A little more than a decade after perestroika, interior completion and refurbishment companies in the Commonwealth of Independent States (CIS) are flexing some muscle and looking to the West for partners and clients as demand levels off in their home markets.Business aviation in the CIS is a relatively young phenomenon, with a history going back barely seven years. And so the list of interior specialists is likewise new, with only about 30 shops offering interior completion and refurb services and ranging from large facilities providing everything from aircraft maintenance to green cabin finish work. Of these, only four prominent companies are in a position to offer
turnkey service from design to installation–AKKO, InterAMI Interior, Kvand and Vemina-Aviaprestige. Along with Western firms, primarily from western Europe, they are competing fiercely for work on as few as 100 business aircraft in Russia. Because the business aviation market is relatively small, the most successful facilities are those with the skills and certification to build and install airliner interiors.
A recent but increasingly popular trend is for aircraft operators to put interior jobs up for public bid. By law, state companies are required to do so, but now larger commercial companies have adopted the practice.
One of the peculiarities of the CIS market is the practice of dividing the cabin into three compartments–an executive/VIP forward section, a center compartment in first-class configuration and the aft compartment laid out similar to coach class.
It is worth noting that none of the interiors companies above has its own hangar facilities. Rather they work in close cooperation with aircraft repair stations, known in Russia as ARZs (some state-run). This allows customers to choose a variety of work options in addition to the completions job. During this period, all work may come under the supervision of ARZ flight safety and quality management.
The result is an interesting partnership between the ARZ and the independent interiors shop. It is also indicative of a growing interest by CIS investors in independently owned companies. “It is difficult for a repair station to master high-quality interiors,” said Kvand chairman Oleg Ponomarev, who is well aware of the limited investment resources in the CIS. “Our business [of high-quality interiors] requires considerable investment [and] small independent companies are more attractive to investors than big plants where initiative may be lacking.”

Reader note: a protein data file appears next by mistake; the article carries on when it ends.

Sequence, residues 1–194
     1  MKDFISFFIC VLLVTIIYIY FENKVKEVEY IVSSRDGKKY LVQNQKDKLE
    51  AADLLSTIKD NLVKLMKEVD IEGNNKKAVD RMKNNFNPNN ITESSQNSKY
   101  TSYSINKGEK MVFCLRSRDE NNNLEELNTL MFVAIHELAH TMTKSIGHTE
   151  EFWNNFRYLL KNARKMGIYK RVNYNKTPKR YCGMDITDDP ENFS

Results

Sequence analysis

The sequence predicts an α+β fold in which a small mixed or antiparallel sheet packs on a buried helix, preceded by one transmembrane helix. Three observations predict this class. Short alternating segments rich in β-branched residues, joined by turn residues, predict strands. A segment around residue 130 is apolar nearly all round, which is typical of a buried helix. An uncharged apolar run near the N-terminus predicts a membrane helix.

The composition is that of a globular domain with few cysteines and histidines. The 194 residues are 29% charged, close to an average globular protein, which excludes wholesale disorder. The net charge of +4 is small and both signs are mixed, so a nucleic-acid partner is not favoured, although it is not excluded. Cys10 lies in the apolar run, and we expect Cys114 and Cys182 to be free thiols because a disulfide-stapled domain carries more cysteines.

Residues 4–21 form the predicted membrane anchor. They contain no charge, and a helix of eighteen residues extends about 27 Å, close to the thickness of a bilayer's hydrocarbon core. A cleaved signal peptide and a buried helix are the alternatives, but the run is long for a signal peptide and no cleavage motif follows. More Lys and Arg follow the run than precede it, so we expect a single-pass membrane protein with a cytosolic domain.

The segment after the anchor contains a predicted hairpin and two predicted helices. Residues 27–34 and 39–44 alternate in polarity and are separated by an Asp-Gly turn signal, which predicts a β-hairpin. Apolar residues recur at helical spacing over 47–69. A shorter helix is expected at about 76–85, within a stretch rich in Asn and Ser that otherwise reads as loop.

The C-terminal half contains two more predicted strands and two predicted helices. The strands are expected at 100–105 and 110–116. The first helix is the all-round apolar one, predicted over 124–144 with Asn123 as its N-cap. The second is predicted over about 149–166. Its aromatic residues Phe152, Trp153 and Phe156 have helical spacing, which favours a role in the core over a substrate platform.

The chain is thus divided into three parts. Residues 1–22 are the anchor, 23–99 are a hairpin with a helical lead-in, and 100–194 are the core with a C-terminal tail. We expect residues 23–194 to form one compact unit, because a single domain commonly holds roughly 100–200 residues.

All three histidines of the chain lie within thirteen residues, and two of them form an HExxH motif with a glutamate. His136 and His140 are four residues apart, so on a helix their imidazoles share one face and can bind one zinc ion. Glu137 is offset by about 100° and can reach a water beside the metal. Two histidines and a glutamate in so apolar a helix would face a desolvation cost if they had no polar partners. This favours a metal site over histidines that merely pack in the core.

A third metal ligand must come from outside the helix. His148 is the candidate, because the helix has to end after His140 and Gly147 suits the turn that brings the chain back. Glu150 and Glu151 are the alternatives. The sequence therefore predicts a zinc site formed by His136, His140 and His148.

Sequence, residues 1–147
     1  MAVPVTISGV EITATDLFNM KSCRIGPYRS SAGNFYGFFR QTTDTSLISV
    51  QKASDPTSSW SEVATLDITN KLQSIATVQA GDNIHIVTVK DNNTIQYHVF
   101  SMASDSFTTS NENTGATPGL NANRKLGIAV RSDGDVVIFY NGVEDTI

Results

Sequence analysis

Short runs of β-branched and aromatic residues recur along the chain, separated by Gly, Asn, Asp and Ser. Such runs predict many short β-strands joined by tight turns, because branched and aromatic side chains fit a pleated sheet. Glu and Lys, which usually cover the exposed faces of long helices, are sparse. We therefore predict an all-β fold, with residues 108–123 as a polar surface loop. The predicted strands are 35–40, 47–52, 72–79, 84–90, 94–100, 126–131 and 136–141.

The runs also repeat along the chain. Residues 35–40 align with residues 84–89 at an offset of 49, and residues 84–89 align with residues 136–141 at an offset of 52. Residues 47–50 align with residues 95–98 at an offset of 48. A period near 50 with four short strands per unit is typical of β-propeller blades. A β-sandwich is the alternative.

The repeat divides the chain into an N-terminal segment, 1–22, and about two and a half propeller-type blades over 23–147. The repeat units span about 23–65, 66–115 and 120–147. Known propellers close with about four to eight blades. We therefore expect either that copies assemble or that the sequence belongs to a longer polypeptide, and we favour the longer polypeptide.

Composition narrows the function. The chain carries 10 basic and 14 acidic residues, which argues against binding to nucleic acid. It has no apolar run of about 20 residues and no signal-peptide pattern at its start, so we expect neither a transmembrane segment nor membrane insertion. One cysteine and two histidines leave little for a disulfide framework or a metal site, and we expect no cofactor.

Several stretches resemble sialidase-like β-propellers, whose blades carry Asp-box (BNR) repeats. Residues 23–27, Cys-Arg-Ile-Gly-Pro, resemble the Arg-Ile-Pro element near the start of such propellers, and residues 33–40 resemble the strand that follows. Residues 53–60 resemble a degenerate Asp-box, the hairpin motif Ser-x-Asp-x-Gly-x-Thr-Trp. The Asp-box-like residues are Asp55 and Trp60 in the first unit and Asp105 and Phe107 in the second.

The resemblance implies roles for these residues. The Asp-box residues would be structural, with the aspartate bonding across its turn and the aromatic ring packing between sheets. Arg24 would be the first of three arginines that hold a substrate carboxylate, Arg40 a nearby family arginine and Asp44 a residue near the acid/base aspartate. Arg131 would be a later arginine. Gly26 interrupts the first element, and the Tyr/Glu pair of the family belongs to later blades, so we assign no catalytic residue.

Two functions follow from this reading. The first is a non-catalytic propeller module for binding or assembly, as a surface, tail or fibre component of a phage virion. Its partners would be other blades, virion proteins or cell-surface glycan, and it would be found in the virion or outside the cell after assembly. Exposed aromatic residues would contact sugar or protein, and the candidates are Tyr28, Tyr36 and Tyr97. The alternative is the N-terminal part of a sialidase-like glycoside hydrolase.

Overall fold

It is possible to pay as little as $60,000 for the conversion of a Tu-134 or Yak-42 by one of the state-owned ARZs, but such conversions are rather straight-forward and the materials are basic. And while the workmanship is solid, any resemblance to a true VIP interior is often cosmetic and purely incidental.
According to Ponomarev, in just the last two years the interior requirements of wealthy Russian clients have grown considerably. “Russian businessmen spend much time aloft now, meeting with Western counterparts and traveling with them on their business aircraft. When they return they want an aircraft with a similar or better interior.” Rather than invest the significant amounts necessary to buy a Western business jet, they will pay between $1 million and $3 million for a used Tu-134 or Yak-42, and then invest approximately the same amount or more in the VIP interior, sometimes including satcom (a $400,000 to $600,000 option).
Charter operators are normally more circumspect in their cabin interiors, balancing costs with customer satisfaction. Charter aircraft typically come in for refurbishment every three to five years, and spending is usually in the $100,000-to-$150,000 range. These operators have become more aware that a quality interior translates directly into more business. A Tu-134 amassing 70 to 100 flight hours a month may allow the operator to recoup an acquisition cost of $1 million in 12 to 18 months.
One of the problems facing interior shops in the CIS is finding local sources of high-quality interior components. Basic “airline type” items are inexpensive, but typically of poorer quality. High-quality items may be found, but at prices often two or three times those of similar Western interior components. And even when less expensive interior items can be found abroad, an import tax of 20 percent and a value-added tax of another 20 percent drive the cost up.
Among the few CIS-made items being used in VIP interiors are metal parts; load-bearing structural elements; panels; plated-metal items, such as drawer pulls and locks; and fire-blocking fabrics. “We would love to find more local items, provided they are competitive,” said Kvand general director Vladimir Kolominsky, “but we will use only those of the highest quality.” According to Kolominsky, about 75 percent of materials are imported, accounting for an average of about $15,000 to $20,000 of the value of the typical interior.
Certification: the Easy Way and the Hard Way
There are two routes to achieve Russian certification of imported items.